“I’m proud that through the work of the RIMTA Foundation, the Ocean State is leading the way in developing sustainable methods for recycling materials that pose a threat to our marine environment and sea-life,” said Congressman Langevin. “Boating is a part of Rhode Island’s identity, but the remains of fiberglass boats are a source of contamination that must be addressed not only here but in other coastal states. I am encouraged that this federal funding will help promote a long-term model that will help prevent water pollution, and I am particularly grateful to Senator Whitehouse for leading the charge in Congress on marine debris reduction.”
“This is an important federal grant that will protect Rhode Island’s coastline from the dangers marine debris can pose,” said Congressman David Cicilline. “I’m especially grateful to Senator Whitehouse for his leadership in crafting the legislation that made this funding possible.”
The RIMTA Foundation, which is developing a sustainable financial model for fiberglass boat recycling, will use the federal funding to assist Washington and states in the New England region with improving upon and replicating the Rhode Island Fiberglass Boat Recycling Program. RIMTA will also engage regional and national marine industry organizations and businesses to further develop solutions for preventing pollution, habitat destruction, and navigation impediments related to abandoned, storm-wrecked and end-of-life boats.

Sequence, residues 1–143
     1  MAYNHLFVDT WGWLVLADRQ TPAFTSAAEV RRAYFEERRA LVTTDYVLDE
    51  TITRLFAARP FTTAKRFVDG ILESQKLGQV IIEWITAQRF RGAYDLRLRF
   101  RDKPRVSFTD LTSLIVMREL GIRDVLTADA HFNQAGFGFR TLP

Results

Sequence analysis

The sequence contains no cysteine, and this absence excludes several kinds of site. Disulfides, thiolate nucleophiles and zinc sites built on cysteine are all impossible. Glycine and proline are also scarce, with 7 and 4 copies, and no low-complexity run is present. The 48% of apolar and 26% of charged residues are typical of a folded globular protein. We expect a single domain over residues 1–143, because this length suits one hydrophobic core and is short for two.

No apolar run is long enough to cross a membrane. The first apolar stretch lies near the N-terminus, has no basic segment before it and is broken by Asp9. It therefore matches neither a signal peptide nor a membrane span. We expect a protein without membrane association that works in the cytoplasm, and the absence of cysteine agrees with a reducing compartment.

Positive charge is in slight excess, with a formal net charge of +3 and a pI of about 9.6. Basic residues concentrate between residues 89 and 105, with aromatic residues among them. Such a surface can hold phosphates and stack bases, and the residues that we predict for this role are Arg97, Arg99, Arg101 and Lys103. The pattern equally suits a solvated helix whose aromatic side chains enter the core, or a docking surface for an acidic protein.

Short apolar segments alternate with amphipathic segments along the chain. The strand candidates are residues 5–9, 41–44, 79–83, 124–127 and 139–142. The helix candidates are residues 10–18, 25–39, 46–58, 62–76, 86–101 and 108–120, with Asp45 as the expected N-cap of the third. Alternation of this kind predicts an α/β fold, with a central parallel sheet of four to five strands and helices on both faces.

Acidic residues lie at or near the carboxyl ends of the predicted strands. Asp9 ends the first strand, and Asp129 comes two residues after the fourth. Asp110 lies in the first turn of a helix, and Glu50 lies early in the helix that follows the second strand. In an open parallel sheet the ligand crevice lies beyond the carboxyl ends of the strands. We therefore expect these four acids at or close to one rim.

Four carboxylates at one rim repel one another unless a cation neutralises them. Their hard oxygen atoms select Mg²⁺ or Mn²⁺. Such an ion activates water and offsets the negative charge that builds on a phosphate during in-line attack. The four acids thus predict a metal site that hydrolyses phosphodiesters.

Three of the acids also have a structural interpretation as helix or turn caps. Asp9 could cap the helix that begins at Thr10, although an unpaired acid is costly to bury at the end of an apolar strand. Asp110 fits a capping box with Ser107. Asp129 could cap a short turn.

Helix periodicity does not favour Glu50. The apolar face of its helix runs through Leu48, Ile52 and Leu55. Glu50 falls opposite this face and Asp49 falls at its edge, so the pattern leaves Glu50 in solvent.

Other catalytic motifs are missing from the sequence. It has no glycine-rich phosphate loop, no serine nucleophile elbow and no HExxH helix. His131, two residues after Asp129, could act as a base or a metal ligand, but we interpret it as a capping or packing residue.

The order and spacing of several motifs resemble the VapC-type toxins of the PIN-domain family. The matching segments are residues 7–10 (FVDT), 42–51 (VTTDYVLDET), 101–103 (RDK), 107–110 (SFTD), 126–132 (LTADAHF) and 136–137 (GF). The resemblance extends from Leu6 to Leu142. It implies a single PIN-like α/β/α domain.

In 2016, RIMTA and the Rhode Island Sea Grant Program pioneered a method of utilizing fiberglass boat material the production of cement. Over the past two years, the Rhode Island Fiberglass Boat Recycling Program run by RIMTA has recycled more than sixty tons of fiberglass materials using the new process, successfully diverting old boats from infinite burial in landfills or from being scuttled and polluting the oceans.
“As stewards of the environment and its sustainability, the Rhode Island Marine Trades Association and its member companies are proud to explore innovative ways to recycle end-of-life fiberglass boats and more,” said Wendy J. Mackie, CEO of both the Rhode Island Marine Trades Association and the Composites Alliance of Rhode Island. “NOAA’s backing on this endeavor comes at a critical time in the project’s progress. We are incredibly grateful for their trust and support.”
Marine debris threaten ocean wildlife, and can adversely affect navigation safety and economic activities that rely on the ocean. The NOAA Marine Debris Program is dedicated to identifying, preventing, and removing marine debris. NOAA’s Marine Debris Program today awarded a total of $2.7 million in competitive grant awards for 23 marine debris removal and prevention projects.
RIMTA represents all components of the recreational boating industry in Rhode Island. The organization is dedicated to growing the marine trades through advocacy, education, and promotion, and positioning the Ocean State as a worldwide leader in the marine industry.